Paper short abstract:
This is a debate on crafts and art, and in which ways apprenticeship is developed within a craft institute in the Sámi Land in Norway. Duodji and Dáidda, craft and art in the Sami language, are ways of learning a comprehension of one's surroundings through reinvention, making, and making mistakes.
Paper long abstract:
Duodji and Dáidda, craft and art, are ways of learning, living, and developing a comprehension of one's surroundings through making and making mistakes. Duodji is not simply craft, as well as Dáidda is not to be simply understood as art. The aim of this reflection is to notice that artistry is not intrinsically linked to the labels and functions of objects, but are part of the conversation that makes things in the world, and that mistakes are processes of making, of learning, and of inventing a world of significance. This paper wishes to address the concepts and methods of learning, and how it is connected to the intrinsic relationship between humans and their surroundings. Learning by doing is the way the Sámi passes on knowledge. It is the way one should learn Duodji, I have been told. There is no course guide, no master structure on how one should learn given subject, or the time frame certain subject should be transmitted. Duodji, and its processes, provide the sense that, indeed, we as craftspeople, are not simply learning a technique, or making a product, but strolling into a forest, a familiar, but living and moving forest. In doing so, learning is not simply acquired knowledge, but is the plethora of internalised conversations with the materials and movements of the world.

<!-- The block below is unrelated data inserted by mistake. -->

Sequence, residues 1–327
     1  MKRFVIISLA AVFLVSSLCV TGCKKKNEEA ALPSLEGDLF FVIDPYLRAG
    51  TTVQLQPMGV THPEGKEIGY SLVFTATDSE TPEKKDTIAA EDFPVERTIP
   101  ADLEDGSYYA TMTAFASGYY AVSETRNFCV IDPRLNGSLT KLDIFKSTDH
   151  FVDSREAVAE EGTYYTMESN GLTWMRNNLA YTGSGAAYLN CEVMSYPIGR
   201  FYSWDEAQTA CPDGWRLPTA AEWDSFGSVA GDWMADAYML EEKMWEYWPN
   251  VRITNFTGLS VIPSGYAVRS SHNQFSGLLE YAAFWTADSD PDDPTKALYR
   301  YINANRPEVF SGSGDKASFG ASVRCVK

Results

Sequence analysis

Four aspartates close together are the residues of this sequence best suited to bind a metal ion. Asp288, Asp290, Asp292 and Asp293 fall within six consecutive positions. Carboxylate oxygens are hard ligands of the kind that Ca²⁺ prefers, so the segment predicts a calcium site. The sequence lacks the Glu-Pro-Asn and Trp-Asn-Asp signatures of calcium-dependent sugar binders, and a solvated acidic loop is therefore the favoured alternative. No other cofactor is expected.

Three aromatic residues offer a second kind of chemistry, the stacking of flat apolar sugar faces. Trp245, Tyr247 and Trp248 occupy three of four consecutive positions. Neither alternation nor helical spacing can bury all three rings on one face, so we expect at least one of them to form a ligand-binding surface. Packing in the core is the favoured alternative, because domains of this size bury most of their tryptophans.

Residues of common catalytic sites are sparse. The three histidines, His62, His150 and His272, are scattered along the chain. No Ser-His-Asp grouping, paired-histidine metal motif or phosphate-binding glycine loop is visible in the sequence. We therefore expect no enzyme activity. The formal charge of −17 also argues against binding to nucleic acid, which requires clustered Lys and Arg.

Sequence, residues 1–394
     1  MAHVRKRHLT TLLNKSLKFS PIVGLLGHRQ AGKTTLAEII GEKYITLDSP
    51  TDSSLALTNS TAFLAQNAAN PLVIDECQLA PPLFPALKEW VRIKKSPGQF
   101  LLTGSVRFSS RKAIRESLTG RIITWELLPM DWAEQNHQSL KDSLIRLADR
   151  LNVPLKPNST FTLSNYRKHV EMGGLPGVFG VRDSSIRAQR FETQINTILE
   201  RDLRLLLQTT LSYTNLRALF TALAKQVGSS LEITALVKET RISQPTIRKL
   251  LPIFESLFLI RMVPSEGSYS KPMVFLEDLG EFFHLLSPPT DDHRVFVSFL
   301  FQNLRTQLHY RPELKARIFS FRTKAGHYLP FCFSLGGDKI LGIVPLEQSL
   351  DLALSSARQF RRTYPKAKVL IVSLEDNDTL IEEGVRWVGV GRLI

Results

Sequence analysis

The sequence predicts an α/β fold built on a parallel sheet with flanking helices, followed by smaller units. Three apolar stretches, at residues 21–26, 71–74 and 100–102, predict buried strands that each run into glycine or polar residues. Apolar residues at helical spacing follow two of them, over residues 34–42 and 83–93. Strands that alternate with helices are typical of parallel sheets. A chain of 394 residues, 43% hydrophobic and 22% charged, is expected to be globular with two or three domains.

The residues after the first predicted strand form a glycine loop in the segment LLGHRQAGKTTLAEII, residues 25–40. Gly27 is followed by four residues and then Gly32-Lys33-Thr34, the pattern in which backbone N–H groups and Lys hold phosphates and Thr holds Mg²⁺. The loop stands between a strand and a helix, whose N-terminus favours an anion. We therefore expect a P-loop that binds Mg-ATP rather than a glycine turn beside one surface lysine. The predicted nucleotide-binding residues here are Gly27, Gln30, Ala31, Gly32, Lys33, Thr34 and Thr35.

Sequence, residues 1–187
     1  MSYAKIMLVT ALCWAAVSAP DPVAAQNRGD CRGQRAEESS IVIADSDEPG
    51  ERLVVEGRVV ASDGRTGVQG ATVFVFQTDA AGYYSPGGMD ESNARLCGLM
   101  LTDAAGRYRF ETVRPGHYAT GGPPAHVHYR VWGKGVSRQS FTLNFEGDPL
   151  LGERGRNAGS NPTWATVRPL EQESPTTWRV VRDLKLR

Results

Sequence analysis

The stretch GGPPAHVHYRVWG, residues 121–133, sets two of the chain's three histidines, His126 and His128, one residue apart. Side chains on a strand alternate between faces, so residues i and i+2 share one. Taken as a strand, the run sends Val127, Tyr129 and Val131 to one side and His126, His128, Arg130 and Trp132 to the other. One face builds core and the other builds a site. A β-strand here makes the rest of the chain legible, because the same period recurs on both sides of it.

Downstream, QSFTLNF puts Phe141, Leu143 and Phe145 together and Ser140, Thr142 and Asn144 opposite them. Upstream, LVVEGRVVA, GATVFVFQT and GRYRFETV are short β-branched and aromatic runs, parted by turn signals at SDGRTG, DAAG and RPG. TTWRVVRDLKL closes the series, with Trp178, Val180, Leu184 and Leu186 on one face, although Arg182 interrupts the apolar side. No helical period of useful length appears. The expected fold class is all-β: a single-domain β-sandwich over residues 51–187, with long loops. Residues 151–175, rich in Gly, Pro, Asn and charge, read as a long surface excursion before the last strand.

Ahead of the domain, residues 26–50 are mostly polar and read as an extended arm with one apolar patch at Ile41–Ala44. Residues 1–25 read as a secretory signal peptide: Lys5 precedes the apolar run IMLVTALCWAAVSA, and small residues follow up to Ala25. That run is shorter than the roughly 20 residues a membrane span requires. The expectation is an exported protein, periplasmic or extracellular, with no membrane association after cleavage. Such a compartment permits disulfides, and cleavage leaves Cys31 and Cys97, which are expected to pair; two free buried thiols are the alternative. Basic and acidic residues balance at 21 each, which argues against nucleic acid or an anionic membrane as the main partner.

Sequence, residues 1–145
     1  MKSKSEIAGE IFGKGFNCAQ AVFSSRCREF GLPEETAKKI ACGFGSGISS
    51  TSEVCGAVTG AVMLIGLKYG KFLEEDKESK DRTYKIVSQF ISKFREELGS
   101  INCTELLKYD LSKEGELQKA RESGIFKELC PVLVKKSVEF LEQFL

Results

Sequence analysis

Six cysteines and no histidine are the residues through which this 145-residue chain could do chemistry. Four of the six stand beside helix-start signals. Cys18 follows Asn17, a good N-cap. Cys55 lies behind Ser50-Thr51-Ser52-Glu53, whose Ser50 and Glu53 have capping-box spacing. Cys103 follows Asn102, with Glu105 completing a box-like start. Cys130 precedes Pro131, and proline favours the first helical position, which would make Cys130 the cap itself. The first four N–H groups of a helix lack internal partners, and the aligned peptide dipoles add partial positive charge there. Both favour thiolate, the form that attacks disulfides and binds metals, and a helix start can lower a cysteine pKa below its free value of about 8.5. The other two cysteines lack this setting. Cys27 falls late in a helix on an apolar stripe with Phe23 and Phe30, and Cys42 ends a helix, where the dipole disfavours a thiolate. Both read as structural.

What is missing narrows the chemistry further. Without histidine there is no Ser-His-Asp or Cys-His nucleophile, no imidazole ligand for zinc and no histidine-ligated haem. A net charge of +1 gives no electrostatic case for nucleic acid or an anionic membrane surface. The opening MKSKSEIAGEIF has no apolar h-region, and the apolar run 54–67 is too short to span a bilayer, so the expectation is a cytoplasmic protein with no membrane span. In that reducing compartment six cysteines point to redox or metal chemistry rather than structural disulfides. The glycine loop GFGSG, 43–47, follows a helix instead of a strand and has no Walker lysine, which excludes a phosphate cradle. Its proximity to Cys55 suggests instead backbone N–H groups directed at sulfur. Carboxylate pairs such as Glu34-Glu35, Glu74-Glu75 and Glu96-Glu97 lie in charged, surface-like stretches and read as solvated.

Apprenticeship: Illuminating Persons and Places through Shared Practice and Performance